“If the issue was providing relief to the consumers then what is the reason behind the prices being changed so soon after the elections are over,” the Delhi-based economist said. “The pattern of price changes makes it clear that the focus is elections and on influencing voters.”
“India does not have a full market pricing mechanism, there is still some administrative pricing,” Praveen Chakravarty, chairman of the data analytics wing of the Congress told ThePrint. “If it is administered to some extent, then when is it being administered?”
“Is it being administered for political purposes?” he asked. “In a democracy, I’m not sure that’s a surprise. If something is administered, ruling parties will tend to use it to their advantage.”
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Who is controlling the prices?
There is, however, some confusion over who is in charge of changing the price of fuel in India — the government, or the oil marketing companies.
The ministries have time and again said that the government itself does not have any control over the price of fuel. That is the domain of the oil marketing companies such as Indian Oil Corporation (IOC), Bharat Petroleum Corporation Limited (BPCL), Hindustan Petroleum Corporation Limited (HPCL) and several others, they have said.
Back when he was petroluem minister, Pradhan had in 2018 said: “The government has no business to interfere in pricing mechanism of petroleum products which has been left to the oil companies to decide on a daily basis.”
More recently, in February 2021, Union Finance Minister Nirmala Sitharaman said that “technically, the oil prices have been freed” and that “the government has nothing to do, no control over it”.
She added that “it’s the marketing companies which import the crude, refine it then distribute it, put the cost for logistics and everything”.
This stand has been confirmed by the government this year as well. Petroleum Minister Hardeep Singh Puri in March this year asserted that “the oil companies will themselves determine the prices”.
However, when contacted by ThePrint, the spokesperson for Indian Oil Corporation said: “We have no comment on pricing. If you want to ask about pricing and other sensitive issues, please refer your questions to the petroleum ministry.”
ThePrint wrote to Puri’s office seeking comment, but did not get a response till the time of publishing this report. This report will be updated if a response is received.
Economic fallout of price control
When oil prices are high but fuel prices are kept low, the difference between them is borne by the oil marketing companies. That is, they are forced to buy expensive oil and sell fuel at lower prices, and so have to bear the brunt of that loss. This difference in the input cost and the selling price is referred to as ‘under-recoveries’.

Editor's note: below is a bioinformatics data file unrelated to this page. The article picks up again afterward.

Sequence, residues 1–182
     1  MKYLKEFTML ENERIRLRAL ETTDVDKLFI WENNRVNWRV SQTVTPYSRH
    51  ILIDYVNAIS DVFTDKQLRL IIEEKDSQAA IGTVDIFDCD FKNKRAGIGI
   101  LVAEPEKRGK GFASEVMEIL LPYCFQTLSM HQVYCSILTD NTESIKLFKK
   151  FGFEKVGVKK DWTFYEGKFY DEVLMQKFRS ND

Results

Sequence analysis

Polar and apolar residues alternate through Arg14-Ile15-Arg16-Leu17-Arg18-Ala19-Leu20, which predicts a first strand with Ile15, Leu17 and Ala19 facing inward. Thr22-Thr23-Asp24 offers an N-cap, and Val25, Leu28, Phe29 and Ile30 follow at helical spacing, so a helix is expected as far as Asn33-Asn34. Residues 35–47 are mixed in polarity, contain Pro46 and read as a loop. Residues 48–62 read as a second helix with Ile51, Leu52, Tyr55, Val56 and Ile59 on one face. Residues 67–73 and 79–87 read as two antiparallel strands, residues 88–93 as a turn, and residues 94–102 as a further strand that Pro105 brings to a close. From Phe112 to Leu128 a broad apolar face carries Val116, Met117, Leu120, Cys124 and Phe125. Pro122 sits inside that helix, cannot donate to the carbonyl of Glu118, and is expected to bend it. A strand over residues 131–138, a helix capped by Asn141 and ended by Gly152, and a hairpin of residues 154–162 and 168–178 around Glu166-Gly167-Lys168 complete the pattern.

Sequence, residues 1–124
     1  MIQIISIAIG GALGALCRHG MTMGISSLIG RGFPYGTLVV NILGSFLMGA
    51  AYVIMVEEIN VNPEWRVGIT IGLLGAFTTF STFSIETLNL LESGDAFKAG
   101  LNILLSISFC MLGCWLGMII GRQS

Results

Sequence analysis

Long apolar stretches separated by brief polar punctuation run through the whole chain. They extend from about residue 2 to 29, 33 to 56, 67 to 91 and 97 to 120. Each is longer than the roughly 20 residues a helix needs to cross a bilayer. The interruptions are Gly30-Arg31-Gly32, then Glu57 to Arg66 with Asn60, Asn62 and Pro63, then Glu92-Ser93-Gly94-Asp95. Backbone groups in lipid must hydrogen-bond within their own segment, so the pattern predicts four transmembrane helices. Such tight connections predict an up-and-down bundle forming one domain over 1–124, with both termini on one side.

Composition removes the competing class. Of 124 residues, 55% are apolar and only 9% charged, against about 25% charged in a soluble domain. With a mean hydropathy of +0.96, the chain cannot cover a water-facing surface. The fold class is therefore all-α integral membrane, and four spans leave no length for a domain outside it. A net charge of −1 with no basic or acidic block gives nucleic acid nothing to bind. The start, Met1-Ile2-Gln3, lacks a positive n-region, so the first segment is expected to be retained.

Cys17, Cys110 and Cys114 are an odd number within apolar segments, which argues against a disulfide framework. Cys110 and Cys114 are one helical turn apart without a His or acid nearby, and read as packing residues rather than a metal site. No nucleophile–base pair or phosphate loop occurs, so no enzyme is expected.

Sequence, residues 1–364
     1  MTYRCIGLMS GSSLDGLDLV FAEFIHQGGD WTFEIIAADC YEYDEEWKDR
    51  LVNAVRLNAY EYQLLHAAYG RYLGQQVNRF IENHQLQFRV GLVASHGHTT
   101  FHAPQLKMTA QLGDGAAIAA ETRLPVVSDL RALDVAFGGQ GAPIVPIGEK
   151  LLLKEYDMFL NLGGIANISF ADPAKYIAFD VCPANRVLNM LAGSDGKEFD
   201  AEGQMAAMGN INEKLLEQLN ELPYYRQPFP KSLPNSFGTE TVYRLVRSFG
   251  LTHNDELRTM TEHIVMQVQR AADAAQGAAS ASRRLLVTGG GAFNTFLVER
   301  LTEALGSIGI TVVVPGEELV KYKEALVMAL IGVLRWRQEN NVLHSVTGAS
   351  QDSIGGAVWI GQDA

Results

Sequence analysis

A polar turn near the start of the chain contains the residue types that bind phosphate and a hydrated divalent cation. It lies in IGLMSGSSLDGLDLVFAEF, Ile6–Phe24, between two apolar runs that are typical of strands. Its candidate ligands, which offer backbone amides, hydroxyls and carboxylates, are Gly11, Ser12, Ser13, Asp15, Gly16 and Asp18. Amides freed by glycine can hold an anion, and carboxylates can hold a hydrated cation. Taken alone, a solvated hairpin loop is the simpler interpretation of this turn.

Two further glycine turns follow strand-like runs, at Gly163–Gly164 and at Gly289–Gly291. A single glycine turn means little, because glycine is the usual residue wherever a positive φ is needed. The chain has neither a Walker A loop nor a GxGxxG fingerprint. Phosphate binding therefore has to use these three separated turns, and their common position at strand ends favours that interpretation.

If the government does not make fund transfers to OMCs — which is paid for using taxpayers’ money — then the OMCs themselves have to bear the brunt of these under-recoveries, which pushes them into losses.
“When we keep retail prices relatively constant, it works well for the consumers, but not for the taxpayers or the oil marketing companies because as long as the cost of procurement is not fully covered by the retail prices, the subsidy burden would increase, which would eventually have to be paid or else the oil companies bear losses,” explained DK Srivastava, chief policy advisor at consulting firm, EY.
“The government, sometimes, attempts to keep the prices stable either to protect the consumers or just before some election is due,” Srivastava added. “This compromises the efficacy of the dynamic pricing mechanism.”
OMCs reported consolidated losses of Rs 3,805.73 crore in the September quarter of this financial year.
The Union cabinet in October approved a proposal by the ministry of petroleum & natural gas to give a one-time grant of Rs 22,000 crore to three Public Sector Undertaking Oil Marketing Companies (PSU OMCs) — IOC, BPCL and HPCL.
While that grant was to help OMCs recoup under-recoveries made on the sale of LPG, the petroleum ministry is reportedly seeking additional funds for the OMCs to make up for the under-recoveries on the sale of petrol and diesel.
Another fallout of these under-recoveries is that fuel prices are unlikely to be lowered even though the price of oil is falling, since the OMCs will now use this period to make up for their previous losses.
“Keeping fuel prices unchanged for a while has meant that the oil marketing companies are suffering under-recoveries,” Deepak Mahurkar, partner at consulting firm PwC India, told ThePrint.
“Companies may also have gone into losses. However, the oil prices’ trend is looking benign now. Companies would expectedly recover costs first before allowing the trend to reflect in prices. In any case, in upward as well as downward crude price trends, it takes months for refiners to utilise the inventory bought,” he added. “That induces phase lag in price corrections.”
(Edited by Anumeha Saxena)